3.3 Dealing with an angry customer or colleague
Many people can identify a situation where they have dealt with a difficult or angry customer or colleague. In these scenarios it is important to establish fully the details and reasons for the anger. By identifying the cause, you can emotionally distance yourself from the situation and start to help to diffuse it.
Being respectful at all times will also help to reach a solution. If somebody is so angry that they do not want to listen to what you are saying, it is OK to tell them you are leaving the room and will return when they are calmer. You could also try this approach if you are talking to an angry customer or colleague over the phone. You should advise them that you will be putting the phone down, to give both parties the opportunity to reflect.
Try not to get emotionally involved. Even if the person is angry with you, do not respond with anger. This will make the situation worse and will get in the way of identifying the cause. Some other tips include:
- Show empathy – try to imagine how the person is feeling and understand why they are upset/angry.
- Ask open questions to help identify the cause (you explored asking effective questions in Week 2).
- Look for a resolution, and apologise if you think it will help. This does not mean that you are acknowledging any guilt, but the apology may help to calm them down. ‘I’m really sorry that you are feeling this way’ is a useful neutral apology that you could try.
Activity 3 An angry colleague
Maya has arrived at work to find that Eva is furious. Maya knows Eva well enough to identify her signals, such as banging things on her desk and deliberately ignoring Maya’s good morning greeting.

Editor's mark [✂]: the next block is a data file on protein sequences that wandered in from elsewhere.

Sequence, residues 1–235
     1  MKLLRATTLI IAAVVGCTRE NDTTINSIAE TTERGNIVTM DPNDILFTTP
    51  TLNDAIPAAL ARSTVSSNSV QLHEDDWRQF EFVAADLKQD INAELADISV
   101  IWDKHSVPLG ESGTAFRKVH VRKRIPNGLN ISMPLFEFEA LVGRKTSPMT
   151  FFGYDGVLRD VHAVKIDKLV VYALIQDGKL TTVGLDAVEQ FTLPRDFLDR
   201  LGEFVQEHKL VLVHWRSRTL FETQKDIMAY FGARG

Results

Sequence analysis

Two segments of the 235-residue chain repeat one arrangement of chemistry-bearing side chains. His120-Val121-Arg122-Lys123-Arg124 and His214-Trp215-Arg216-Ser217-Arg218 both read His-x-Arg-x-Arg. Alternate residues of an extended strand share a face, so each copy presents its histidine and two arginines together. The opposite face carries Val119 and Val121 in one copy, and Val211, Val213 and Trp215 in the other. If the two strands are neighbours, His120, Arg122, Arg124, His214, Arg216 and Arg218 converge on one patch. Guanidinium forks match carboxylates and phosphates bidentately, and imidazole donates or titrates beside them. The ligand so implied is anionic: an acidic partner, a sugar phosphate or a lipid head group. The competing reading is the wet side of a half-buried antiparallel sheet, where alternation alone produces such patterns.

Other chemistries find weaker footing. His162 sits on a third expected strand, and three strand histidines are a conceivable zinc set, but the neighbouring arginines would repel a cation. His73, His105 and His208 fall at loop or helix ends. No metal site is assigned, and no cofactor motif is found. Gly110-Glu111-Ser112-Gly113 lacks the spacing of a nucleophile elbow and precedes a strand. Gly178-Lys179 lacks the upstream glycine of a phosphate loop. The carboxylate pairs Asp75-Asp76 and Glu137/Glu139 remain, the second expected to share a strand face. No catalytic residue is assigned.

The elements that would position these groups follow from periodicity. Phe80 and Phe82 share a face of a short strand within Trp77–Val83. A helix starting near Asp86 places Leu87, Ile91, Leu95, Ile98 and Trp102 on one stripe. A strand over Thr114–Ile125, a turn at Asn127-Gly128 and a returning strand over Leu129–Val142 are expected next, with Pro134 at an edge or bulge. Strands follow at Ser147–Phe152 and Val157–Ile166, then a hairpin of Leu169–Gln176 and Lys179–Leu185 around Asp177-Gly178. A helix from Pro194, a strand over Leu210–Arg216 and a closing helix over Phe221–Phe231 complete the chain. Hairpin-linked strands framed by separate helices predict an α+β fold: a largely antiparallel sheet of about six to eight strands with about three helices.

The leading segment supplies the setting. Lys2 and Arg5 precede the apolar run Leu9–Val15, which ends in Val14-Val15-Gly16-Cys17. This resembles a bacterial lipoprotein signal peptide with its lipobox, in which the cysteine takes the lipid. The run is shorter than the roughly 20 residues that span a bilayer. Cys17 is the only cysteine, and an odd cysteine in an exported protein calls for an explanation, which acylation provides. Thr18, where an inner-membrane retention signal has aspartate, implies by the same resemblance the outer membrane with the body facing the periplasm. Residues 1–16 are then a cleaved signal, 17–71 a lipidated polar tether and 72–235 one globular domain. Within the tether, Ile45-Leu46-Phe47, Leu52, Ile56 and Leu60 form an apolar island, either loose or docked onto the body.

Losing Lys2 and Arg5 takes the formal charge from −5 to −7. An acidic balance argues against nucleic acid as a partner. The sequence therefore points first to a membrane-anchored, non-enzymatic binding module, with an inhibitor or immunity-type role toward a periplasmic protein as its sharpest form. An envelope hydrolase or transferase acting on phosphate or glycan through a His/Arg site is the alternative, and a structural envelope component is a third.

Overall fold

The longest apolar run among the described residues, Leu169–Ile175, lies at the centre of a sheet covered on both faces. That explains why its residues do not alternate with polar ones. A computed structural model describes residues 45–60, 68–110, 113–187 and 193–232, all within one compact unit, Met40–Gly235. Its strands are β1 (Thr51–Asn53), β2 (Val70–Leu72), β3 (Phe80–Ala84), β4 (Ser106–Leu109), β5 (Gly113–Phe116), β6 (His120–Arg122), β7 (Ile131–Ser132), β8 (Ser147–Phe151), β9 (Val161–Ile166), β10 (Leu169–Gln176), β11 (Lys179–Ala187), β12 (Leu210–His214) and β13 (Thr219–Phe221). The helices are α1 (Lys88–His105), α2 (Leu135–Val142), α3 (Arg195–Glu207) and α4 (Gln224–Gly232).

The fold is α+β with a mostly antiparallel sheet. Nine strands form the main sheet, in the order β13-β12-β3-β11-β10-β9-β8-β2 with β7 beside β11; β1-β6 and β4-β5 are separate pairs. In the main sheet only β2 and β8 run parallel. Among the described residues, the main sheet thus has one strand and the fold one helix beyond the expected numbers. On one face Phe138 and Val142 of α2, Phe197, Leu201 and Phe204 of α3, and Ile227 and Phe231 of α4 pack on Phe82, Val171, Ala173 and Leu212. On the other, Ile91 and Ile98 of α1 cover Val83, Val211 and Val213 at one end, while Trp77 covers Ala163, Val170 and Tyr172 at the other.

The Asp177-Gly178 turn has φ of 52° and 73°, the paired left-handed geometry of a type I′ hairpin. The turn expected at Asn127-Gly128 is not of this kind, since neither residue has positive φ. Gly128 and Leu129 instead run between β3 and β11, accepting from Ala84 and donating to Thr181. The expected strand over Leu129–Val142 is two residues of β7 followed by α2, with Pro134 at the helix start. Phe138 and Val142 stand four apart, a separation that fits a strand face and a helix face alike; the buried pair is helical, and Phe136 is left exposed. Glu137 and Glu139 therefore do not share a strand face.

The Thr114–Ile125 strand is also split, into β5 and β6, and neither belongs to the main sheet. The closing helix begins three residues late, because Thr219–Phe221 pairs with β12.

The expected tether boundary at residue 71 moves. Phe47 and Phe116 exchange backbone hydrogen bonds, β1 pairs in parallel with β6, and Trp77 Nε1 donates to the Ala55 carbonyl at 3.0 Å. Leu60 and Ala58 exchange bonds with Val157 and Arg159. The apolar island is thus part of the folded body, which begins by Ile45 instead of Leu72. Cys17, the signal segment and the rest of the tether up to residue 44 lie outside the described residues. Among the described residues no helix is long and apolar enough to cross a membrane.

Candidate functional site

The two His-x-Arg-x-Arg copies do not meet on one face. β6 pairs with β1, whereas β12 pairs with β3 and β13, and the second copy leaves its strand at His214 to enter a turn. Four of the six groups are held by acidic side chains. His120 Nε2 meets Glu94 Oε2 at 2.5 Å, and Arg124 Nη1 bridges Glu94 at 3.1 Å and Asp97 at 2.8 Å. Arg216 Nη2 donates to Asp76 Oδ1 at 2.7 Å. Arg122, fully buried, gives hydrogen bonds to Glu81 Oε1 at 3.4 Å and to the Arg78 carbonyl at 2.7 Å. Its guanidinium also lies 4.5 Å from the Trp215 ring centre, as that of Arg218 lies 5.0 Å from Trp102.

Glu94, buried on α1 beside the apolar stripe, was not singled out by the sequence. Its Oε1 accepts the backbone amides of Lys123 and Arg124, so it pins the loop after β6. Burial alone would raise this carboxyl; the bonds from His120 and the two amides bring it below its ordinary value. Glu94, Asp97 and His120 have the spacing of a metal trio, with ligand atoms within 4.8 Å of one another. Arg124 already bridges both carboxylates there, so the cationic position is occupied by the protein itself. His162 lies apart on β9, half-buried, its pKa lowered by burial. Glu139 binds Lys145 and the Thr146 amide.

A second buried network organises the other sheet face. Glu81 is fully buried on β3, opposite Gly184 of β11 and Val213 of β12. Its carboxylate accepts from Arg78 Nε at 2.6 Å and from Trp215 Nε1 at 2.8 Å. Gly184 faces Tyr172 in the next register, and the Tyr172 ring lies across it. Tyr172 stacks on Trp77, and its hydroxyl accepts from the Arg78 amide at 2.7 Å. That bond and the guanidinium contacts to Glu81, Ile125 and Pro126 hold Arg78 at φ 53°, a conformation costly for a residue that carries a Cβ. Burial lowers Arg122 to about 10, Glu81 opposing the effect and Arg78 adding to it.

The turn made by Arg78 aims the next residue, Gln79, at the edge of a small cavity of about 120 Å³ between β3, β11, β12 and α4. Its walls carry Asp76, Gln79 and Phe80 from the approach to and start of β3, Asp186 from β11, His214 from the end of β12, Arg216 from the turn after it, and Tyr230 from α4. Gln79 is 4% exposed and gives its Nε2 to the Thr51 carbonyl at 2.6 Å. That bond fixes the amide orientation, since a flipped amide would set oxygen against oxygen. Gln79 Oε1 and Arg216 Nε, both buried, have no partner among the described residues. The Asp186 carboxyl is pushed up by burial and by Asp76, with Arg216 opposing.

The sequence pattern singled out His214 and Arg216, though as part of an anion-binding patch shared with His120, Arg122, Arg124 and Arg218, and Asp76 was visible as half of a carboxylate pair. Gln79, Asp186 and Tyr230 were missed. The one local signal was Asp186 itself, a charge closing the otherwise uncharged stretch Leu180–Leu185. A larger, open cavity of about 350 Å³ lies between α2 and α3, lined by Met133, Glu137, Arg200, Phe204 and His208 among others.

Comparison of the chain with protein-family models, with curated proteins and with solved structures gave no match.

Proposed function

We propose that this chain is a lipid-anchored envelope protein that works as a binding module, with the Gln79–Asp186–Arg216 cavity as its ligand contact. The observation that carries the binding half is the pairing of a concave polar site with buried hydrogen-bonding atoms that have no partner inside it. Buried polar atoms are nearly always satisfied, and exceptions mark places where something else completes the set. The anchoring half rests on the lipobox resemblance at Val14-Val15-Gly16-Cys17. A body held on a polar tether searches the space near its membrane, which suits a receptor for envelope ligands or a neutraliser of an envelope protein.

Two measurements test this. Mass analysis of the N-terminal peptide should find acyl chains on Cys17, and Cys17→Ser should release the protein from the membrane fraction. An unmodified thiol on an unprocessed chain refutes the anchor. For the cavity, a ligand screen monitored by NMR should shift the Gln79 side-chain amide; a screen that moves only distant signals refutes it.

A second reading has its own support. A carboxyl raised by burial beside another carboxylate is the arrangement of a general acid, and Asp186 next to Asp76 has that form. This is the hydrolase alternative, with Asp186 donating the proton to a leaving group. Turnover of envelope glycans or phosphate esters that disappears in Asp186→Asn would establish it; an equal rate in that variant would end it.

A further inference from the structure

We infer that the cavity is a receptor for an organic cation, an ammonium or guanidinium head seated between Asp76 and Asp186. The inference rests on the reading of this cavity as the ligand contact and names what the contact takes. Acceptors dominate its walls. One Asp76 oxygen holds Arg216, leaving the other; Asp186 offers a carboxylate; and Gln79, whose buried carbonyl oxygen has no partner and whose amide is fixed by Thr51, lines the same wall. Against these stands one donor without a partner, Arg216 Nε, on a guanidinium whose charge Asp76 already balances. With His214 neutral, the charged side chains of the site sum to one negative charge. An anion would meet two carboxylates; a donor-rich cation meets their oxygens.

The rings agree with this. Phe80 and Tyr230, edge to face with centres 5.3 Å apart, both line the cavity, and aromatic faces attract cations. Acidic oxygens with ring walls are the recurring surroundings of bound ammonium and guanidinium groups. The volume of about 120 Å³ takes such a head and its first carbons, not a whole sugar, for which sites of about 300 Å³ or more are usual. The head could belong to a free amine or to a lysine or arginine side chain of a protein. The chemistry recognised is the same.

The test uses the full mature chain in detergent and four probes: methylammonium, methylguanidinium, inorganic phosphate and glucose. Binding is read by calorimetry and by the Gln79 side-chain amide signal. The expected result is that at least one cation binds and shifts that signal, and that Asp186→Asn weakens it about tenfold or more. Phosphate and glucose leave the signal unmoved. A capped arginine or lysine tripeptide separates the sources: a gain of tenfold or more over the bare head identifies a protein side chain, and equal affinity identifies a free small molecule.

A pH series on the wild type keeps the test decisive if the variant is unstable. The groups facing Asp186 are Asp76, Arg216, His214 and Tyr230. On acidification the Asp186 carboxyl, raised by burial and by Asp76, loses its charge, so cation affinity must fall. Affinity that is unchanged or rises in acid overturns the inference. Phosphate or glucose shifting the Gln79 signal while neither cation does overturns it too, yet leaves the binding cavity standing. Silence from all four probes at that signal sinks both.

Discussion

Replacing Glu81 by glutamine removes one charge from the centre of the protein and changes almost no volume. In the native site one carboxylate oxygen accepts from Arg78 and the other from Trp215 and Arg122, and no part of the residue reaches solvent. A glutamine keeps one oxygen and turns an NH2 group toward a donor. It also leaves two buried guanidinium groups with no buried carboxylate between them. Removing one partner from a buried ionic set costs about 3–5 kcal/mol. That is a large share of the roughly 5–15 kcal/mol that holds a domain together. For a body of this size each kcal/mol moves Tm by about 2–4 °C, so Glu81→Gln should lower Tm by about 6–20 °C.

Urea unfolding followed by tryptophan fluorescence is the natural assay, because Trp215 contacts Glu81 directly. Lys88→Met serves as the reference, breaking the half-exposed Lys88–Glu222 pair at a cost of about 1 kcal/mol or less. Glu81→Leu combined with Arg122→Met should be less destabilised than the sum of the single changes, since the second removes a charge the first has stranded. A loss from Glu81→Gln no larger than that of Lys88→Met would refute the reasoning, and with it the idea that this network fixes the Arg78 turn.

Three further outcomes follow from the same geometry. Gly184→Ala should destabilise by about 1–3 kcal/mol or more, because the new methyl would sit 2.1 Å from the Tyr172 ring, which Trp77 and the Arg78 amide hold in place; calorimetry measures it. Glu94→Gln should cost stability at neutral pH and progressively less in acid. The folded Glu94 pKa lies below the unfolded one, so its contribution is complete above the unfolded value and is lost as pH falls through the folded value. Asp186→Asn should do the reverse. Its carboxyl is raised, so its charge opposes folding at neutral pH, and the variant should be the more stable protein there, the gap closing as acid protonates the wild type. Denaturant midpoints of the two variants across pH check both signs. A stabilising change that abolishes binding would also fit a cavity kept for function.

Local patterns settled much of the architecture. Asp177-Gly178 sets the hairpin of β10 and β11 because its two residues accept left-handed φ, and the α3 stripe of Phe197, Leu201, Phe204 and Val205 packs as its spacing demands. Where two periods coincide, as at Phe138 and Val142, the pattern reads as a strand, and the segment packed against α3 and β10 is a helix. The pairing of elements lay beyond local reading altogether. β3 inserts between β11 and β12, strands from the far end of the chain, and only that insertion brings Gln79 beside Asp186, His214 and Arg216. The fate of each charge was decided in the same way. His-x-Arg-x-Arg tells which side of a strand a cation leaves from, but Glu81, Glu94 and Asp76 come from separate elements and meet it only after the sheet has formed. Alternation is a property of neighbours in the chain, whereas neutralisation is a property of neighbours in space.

As Maya is about to sit down at her desk, Eva walks over and very sternly states that she would like to speak with her right away. Maya follows Eva into a small meeting room. Eva’s actions have left Maya feeling very nervous about what the conversation will involve. She immediately thinks that she has done something wrong.
Eva starts the conversation by shouting that Maya has not provided her with some information regarding the project. Maya is upset and angry. She says that she was unaware of such a request, which further fuels Eva’s anger.
How could Maya diffuse the situation from this point on? Note your ideas in the box below.
The first thing Maya needs to do is control her own rising anger, perhaps by taking some deep breaths and trying to see Eva’s perspective.
Maya could then attempt to diffuse Eva’s anger by trying to establish what is making her angry. For example, she could say:
‘I’m sorry that you’re so angry.’
‘Tell me the information that you need and I’ll do my best to find it straight away.’
‘I’m sorry that I missed your request for this data. Could you resend the email?’
If Maya demonstrates empathy, actively listens and shows a real interest in helping to resolve the issue, it should help to dissipate the anger being experienced by Eva.
However, if Eva crosses a line and behaves in an inappropriate or bullying way, Maya should discuss this with an appropriate professional within the organisation.